During the two-day conference, experts and consultants will be working in three breakout sessions and focus on the following themes: “Epidemiology and prevention of HIV”, “Modern approaches to the detection, prevention and treatment of HIV”, and “The role of NGOs in implementing medico-psychosocial and HIV prevention programs”.

Conference participants are expected to develop new methods of boosting the effectiveness of efforts on early detection and prevention of the spread of HIV, improving treatment methods aimed at helping people living with HIV (PLHIV) regain working capacity and increasing life expectancy for PLHIV.

UNODC presents 2015 World Drug Report

An estimated 200 000 drug-related deaths occurred in 2013, and a total of 246 million people used an illicit drug that year, according to the 2015 World Drug Report of the United Nations Office on Drugs and Crime (UNODC).

The report, presented today by the UNODC Regional Office for Central Asia, is a comprehensive overview of the latest developments in the world’s illicit drug markets by focusing on the production of, trafficking in and consumption of the main illicit drug types and their related health consequences.

20150626_111446UNODC Representative for Central Asia, Ashita Mittal, told journalists about the main findings of the 2015 World Drug Report: drug use prevalence remains stable around the world while access to drug and HIV treatment is still low.

Speaking on June 26, the International Day against Drug Abuse and Illicit Trafficking, UNODC Executive Director Yury Fedotov said that, although drug use is stable around the world, only one out of six problem drug users, a total of 27 million worldwide, has access to treatment.

The 2015 World Drug Report thematic focus is on Alternative Development, a long-term strategy aimed at developing alternative sources of income for farmers dependent on illicit drug cultivation. The report states that, “approached holistically, alternative development has the potential to break the vicious cycle trapping poor farmers and to act as a catalyst for viable livelihoods that do not depend on illicit cultivation.”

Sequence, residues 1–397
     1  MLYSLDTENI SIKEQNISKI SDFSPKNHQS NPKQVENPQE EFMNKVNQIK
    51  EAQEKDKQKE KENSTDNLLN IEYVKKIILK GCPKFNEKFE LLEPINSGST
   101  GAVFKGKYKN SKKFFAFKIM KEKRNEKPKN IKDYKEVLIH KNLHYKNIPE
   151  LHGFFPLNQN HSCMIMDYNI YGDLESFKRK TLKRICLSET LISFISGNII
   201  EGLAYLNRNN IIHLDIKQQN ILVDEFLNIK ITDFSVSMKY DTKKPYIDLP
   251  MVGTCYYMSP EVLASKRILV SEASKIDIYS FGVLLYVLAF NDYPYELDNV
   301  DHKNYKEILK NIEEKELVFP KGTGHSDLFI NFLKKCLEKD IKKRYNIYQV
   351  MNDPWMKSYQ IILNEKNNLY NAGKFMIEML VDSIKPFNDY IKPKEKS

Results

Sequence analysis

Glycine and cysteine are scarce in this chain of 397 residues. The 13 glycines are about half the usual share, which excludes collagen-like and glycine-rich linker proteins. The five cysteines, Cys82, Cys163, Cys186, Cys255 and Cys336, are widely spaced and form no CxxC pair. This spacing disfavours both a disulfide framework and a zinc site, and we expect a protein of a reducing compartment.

20150626_112542The Director of the National Information and Analytical Center on Drug Control under the Cabinet of Ministers of Uzbekistan, Ahmed Mansurov, told journalists about measures Uzbekistan has taken to counter illicit drugs. Uzbekistan, which shares a border with Afghanistan, is at major risk from the transit of narcotics. In 2014, Uzbekistan’s law enforcement seized 2, 298 kilograms of drugs. According to Mansurov, 54 tonnes of illicit drugs were seized and 193,000 drug-related crimes were revealed from 1994 to 2014.  Mansurov also noted positive dynamics in the prevention and treatment of drug abuse as well as a decline in the number of drug addicts in recent years and absence of trends indicating that more young people have joined this category of people.

Mittal and Mansurov expressed hope that joint efforts will help to achieve better indicators through a holistic approach that includes countering drug trafficking and prevention and treatment of drug abuse. Local communities, mahallas, and the media have an important role to play in this approach.